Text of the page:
Practice of caste and the complexities of constitutional Democracy

Mahanand, Jadumani (2021) Practice of caste and the complexities of constitutional Democracy. [Book Reviews]

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On the one hand, majoritarian upper-caste discourse has dominated in democratic institutions, such as Parliament, executive and judiciary, and on the other, the idea of Hindu law resounds in everyday social lives. The dynamics of law in India are contrasting in two major ways. First, the ancient law that is known as Manu’s law (Manusmriti) comprises Hindu religious codes/rules, rituals and customs that predominate the modern constitutional law. And second, the modern law is adopted by the democratic state. The modern democratic state is a political contract and agreement among the citizens through the Constitution to secure rights, liberty, and equality as a matter of inalienable fundamental rights. Yet, in the last seven decades, despite having modern constitutional law, the lawlessness of the established Hindu social ­order sanctifies and validates the persistence of caste, atrocities against Dalits, and subjugation of women that is prescribed in Manu’s law in accordance with Hindu religion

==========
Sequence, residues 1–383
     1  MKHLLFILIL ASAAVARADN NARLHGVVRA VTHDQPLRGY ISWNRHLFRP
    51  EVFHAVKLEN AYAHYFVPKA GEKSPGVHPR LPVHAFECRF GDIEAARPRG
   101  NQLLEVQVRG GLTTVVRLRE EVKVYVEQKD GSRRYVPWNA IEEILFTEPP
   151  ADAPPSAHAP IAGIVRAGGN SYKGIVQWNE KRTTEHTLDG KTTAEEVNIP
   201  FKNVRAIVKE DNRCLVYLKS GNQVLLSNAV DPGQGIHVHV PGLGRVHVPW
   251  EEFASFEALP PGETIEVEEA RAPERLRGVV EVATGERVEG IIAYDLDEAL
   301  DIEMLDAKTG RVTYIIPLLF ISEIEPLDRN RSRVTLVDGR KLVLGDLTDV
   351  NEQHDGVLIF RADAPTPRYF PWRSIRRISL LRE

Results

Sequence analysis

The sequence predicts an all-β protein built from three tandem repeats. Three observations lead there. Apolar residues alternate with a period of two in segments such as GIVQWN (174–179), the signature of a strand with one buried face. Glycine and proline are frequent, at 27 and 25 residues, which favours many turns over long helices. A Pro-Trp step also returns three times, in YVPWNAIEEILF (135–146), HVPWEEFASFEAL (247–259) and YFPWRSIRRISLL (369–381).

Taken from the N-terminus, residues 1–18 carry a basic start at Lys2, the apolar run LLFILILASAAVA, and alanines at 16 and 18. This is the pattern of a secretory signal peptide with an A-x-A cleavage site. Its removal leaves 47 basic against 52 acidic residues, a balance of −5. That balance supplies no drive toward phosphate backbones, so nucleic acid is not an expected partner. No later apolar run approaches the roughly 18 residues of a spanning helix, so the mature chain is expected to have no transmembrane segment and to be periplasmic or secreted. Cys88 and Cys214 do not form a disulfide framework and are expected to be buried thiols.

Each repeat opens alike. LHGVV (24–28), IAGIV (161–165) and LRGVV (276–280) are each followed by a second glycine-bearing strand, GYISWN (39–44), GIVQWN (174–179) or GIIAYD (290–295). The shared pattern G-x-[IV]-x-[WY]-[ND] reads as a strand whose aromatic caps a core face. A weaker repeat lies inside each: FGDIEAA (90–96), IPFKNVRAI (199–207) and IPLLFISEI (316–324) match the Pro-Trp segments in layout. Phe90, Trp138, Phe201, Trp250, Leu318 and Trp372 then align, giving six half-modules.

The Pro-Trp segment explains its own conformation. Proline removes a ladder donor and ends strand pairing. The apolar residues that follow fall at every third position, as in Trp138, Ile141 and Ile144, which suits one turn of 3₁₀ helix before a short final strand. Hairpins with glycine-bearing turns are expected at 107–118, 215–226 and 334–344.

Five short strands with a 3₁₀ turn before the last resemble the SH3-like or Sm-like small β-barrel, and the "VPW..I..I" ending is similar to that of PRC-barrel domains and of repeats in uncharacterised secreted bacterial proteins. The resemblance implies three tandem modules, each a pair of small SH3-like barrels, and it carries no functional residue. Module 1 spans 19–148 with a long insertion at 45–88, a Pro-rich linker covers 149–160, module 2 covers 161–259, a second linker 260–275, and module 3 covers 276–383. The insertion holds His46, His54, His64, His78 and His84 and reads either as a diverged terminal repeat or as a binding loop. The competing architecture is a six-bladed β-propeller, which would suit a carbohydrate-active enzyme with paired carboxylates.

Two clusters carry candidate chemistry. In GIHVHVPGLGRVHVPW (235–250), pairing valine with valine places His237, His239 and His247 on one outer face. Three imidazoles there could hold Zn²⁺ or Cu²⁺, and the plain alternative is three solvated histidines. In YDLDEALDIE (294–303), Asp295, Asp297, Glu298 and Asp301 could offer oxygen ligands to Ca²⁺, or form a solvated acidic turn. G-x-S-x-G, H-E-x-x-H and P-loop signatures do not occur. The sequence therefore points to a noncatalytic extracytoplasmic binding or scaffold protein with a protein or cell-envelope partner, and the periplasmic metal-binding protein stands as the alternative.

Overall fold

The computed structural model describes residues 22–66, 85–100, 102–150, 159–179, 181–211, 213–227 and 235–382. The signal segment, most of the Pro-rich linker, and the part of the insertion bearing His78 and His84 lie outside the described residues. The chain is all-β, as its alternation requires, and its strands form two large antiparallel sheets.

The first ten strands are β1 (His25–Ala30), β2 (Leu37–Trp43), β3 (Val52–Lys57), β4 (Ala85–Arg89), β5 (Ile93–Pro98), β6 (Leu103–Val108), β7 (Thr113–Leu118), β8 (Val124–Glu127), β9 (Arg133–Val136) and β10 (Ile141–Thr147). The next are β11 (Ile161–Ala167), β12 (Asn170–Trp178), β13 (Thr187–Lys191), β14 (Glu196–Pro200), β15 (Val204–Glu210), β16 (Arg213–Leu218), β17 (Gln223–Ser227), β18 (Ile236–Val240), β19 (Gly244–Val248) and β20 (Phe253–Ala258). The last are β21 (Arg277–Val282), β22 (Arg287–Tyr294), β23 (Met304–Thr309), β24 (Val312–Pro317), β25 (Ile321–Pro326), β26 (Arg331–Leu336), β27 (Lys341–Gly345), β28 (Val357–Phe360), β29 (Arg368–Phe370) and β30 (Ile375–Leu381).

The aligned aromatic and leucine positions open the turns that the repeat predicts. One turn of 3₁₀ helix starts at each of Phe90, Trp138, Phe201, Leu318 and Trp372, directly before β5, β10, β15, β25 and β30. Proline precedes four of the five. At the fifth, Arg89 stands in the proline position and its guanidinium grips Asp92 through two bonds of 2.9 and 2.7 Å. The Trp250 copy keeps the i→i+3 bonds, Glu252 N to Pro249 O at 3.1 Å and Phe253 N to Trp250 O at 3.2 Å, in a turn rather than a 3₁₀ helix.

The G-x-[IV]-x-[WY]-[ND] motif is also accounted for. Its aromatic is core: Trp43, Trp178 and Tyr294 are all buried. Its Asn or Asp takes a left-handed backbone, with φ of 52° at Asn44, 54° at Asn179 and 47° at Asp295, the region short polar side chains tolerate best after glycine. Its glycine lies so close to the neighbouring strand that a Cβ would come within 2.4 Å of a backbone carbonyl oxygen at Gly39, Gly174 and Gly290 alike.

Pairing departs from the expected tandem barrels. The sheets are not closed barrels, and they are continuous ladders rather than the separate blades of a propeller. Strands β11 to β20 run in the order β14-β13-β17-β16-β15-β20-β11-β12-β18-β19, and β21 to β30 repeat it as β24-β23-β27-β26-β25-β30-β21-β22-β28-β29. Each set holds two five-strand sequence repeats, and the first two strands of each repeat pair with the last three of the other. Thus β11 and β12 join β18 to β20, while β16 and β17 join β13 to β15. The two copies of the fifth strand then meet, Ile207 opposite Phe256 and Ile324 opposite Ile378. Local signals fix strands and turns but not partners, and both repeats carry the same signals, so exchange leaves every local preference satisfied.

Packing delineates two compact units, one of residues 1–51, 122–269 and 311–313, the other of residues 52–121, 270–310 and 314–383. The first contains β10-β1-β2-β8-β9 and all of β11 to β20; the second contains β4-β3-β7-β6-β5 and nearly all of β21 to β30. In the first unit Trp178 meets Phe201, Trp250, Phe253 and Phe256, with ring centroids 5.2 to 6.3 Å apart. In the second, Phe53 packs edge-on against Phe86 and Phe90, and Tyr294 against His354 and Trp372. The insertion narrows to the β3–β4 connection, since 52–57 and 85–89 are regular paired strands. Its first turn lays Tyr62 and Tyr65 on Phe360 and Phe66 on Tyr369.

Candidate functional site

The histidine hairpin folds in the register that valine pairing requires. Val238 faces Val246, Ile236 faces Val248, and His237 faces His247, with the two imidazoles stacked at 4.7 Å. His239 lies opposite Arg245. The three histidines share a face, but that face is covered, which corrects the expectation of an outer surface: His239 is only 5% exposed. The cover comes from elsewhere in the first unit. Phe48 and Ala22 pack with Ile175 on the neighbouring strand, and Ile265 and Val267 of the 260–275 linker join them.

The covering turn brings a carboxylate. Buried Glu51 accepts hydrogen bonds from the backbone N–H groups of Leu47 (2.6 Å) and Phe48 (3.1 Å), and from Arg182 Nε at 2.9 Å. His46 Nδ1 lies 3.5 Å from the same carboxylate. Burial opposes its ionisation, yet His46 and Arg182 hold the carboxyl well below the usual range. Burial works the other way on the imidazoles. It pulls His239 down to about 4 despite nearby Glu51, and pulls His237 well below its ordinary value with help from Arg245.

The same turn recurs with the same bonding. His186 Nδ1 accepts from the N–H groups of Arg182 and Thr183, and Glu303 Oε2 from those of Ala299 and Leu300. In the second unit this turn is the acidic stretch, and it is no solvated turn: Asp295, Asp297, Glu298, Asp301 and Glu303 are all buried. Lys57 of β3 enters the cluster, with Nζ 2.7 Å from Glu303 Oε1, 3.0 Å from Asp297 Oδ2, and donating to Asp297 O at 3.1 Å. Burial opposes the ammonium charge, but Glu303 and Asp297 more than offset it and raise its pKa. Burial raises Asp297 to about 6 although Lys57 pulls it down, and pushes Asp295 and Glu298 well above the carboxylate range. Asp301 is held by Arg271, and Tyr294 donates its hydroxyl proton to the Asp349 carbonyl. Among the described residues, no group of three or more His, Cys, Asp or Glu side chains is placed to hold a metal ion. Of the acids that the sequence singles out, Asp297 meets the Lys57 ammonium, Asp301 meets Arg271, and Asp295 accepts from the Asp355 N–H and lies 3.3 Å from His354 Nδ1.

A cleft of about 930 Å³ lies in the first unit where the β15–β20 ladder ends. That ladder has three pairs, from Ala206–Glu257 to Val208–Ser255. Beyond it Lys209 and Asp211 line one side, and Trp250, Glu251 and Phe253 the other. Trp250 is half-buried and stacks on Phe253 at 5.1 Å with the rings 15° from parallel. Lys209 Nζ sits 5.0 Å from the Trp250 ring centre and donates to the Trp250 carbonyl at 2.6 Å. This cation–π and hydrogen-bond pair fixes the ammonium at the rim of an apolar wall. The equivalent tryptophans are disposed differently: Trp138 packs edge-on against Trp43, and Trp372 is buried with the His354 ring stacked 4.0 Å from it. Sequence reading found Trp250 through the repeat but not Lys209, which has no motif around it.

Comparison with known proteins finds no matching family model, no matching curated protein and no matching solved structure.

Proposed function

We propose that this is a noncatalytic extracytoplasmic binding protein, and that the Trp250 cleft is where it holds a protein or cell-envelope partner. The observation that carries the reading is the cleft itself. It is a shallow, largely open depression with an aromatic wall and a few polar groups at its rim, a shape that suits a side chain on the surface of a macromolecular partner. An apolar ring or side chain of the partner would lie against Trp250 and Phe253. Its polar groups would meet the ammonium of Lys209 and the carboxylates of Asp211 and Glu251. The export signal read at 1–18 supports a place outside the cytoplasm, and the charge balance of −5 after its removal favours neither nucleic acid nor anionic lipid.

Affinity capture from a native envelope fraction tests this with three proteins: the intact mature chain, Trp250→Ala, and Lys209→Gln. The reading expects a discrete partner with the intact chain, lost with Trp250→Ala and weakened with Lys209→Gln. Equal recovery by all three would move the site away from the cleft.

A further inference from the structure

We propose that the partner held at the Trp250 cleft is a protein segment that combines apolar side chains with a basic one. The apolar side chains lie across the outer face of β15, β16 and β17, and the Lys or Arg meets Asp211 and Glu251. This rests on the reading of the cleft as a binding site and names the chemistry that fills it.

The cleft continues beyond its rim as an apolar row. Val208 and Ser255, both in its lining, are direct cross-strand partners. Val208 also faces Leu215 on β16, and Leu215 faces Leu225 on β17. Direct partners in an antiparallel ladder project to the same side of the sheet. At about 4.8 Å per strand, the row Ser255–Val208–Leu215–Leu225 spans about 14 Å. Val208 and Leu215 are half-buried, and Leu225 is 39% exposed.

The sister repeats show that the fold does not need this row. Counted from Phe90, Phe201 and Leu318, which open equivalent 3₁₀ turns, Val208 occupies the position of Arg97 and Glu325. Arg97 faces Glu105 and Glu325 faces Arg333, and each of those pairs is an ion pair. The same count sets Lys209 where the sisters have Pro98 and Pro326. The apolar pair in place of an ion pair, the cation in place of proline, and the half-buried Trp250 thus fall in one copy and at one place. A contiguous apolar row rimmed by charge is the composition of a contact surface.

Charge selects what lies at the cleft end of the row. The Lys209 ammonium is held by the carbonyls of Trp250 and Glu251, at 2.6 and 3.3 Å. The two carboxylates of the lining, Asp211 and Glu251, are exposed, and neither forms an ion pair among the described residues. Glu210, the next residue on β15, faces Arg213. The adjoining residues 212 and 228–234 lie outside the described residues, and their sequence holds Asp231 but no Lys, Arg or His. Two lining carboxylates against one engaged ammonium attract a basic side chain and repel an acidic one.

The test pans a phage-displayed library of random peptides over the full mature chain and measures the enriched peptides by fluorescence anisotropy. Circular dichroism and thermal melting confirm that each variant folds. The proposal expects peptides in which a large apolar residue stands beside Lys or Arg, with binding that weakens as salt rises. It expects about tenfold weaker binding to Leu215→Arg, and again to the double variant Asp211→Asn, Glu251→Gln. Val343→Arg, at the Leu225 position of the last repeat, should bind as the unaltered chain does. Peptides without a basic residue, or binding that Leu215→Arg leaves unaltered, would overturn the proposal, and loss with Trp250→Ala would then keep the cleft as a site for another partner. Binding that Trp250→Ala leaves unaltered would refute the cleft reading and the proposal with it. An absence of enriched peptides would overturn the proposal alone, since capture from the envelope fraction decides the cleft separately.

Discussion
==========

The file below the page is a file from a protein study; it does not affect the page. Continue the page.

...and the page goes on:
Item Type: Book Reviews
Subjects: Social Sciences and humanities > Social Sciences > Social Sciences (General)
JGU School/Centre: Jindal Global Law School
Depositing User: Amees Mohammad
Date Deposited: 17 Mar 2022 07:49
Last Modified: 03 Oct 2022 06:41
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